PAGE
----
This seems a little surprising, because consonants and vowels use the same areas of your vocal tract. And you might think the difference between them seems, like, purely academic. That’s something we defined.

But actually, the brain processes these groups of letters differently. And then, it further categorizes sounds according to the muscles the mouth uses to make them. Consonants are also, by your brain, lumped into three categories: front-of-the-tongue sounds like “sa,” back-of-the-tongue sounds like “ga,” and lip sounds like “ma.” Meanwhile, the brain separates vowels into sounds that require rounded lips, like “oo,” and sounds that don’t require rounded lips, like “aa.” And that is why, when you’re saying a tongue twister, you’re more likely to confuse sounds in the same category.

So, you’ll end up swapping one consonant for another consonant, rather than swapping a vowel for a consonant. And you’re more likely to mess up consonants that are articulated in the same part of your mouth. Like “ta” and da” or “s” and “sh” rather than “g” and “sh.” Now, this particular study was conducted in English.

But since all languages have vowels and consonants, it’s likely that this kind of separation of sounds in the brain is widespread or even universal. Though, we’ll need more research to determine how people categorize different sounds in different languages. And, there are also lots of things about tongue twisters that can still stump scientists.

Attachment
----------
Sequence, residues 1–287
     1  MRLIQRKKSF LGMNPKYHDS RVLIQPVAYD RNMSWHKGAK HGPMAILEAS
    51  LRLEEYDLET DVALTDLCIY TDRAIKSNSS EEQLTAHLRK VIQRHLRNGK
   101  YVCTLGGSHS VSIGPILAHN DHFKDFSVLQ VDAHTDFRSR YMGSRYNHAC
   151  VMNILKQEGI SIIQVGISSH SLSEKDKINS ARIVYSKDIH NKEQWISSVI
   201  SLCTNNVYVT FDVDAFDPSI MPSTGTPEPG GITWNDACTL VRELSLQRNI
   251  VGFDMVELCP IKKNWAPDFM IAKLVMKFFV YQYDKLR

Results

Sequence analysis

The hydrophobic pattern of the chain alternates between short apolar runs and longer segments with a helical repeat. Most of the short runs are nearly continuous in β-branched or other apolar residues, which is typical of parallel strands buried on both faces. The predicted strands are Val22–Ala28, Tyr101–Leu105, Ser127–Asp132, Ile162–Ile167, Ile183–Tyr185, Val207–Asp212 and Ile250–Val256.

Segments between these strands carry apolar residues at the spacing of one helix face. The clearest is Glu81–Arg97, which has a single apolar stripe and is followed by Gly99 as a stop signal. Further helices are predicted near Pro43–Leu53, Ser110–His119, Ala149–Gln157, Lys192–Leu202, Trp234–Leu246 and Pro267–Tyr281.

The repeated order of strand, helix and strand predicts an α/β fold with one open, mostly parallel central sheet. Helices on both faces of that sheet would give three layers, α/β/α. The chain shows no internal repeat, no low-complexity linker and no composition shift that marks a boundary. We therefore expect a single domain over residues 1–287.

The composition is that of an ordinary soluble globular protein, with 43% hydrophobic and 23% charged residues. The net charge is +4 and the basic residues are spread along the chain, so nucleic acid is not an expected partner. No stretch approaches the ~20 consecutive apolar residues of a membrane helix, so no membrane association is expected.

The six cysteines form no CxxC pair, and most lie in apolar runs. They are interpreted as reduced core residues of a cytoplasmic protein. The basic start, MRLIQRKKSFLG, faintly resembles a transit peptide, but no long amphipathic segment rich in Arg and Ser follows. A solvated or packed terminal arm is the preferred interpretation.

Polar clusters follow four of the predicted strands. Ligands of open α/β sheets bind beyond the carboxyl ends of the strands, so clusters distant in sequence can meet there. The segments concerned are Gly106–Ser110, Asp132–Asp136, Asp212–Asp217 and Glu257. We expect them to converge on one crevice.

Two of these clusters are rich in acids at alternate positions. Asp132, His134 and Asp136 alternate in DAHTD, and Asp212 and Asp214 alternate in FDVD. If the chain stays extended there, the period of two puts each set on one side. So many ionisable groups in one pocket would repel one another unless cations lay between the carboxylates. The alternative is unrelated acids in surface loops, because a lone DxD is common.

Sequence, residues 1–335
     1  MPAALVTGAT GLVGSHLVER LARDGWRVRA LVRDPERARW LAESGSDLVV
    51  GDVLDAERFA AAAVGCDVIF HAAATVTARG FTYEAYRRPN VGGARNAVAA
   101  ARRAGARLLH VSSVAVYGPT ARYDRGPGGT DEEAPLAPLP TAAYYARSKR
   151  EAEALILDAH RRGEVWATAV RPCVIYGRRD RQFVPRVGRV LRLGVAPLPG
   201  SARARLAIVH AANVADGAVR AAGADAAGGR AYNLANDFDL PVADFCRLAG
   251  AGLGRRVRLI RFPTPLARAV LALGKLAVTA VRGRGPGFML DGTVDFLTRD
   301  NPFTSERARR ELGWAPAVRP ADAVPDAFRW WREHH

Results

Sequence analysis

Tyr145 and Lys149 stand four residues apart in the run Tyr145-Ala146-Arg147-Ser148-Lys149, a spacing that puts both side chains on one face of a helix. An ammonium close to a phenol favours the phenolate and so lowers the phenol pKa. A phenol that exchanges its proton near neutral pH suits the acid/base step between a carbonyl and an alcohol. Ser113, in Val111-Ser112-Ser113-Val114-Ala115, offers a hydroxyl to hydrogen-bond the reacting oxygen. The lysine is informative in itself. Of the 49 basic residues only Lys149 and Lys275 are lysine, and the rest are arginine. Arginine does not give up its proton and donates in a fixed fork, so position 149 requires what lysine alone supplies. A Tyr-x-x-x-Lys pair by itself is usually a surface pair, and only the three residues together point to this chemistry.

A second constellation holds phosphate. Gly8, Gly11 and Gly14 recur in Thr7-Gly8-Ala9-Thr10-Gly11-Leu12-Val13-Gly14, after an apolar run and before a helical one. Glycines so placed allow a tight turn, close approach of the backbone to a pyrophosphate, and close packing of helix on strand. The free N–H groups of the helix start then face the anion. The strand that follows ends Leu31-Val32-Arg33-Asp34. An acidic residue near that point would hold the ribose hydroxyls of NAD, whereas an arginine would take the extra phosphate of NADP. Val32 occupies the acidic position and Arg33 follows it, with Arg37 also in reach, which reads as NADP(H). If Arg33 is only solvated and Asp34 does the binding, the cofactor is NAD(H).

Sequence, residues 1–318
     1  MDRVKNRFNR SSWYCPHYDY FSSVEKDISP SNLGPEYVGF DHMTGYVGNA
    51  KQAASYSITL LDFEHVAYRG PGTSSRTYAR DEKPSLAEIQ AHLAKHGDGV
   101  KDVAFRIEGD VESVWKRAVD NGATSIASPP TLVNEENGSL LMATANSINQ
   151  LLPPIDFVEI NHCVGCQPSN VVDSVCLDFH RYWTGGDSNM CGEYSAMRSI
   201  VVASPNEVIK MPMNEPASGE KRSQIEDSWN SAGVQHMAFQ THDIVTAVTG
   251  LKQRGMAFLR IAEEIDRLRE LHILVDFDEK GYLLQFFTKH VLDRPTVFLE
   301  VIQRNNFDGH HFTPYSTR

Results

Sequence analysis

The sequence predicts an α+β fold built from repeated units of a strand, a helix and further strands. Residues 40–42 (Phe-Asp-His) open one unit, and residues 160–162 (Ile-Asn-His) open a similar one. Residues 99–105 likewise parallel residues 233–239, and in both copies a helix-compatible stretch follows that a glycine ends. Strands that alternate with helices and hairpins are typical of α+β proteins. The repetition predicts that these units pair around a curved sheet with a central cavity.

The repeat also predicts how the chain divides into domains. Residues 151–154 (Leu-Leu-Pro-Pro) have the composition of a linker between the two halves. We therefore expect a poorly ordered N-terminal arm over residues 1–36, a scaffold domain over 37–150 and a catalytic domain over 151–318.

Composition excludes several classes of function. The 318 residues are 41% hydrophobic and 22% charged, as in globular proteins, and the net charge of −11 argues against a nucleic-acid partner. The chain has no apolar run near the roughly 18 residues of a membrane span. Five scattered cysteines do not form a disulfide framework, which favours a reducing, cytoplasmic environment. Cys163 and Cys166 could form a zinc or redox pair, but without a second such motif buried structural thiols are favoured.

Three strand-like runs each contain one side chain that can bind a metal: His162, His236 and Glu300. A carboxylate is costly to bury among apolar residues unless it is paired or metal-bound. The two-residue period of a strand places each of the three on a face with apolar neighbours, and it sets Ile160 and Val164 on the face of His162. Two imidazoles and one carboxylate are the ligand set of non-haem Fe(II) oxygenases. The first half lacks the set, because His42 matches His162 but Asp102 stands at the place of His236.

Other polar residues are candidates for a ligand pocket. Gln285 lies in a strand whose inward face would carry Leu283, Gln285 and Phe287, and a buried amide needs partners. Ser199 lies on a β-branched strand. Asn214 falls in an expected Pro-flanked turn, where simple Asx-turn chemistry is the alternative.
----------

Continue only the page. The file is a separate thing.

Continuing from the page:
Like, people make different kinds of errors when they read a list of tricky words than when they are saying complete tongue-twisting sentences. Why? We’re not sure yet!

Also, bilingual people tend to trip over tongue-twisters more than monolingual people. But that can depend on how long they’ve spoken the language and what kinds of sounds are involved. What’s up with that?

Also more research needed! Digging into these mysteries and learning more about tongue twisters will help us deepen our understanding of cognition and talking. And it could also help people who struggle with speech, which, sometimes, is all of us.

Tongue twisters aren’t just neat for scientists to study. If you practice them regularly, you can actually improve your pronunciation! Of course, forming habits is also hard.

Luckily, Fabulous can help. Fabulous is the number #1 self care and habit forming app on the app store with over 20 million users. And it’s actually based on behavioral science research!

So it can really help you incorporate tongue twisters into your daily routine, or, anything else you might want to do more regularly, like drinking more water or stretching when you wake up. The app is totally customizable, so it’s really up to you! And you can start building your ideal daily routine today!

Because the first 100 people who click the link in the description will get a free one-week trial and 25% off a Fabulous subscription! [♪ OUTRO].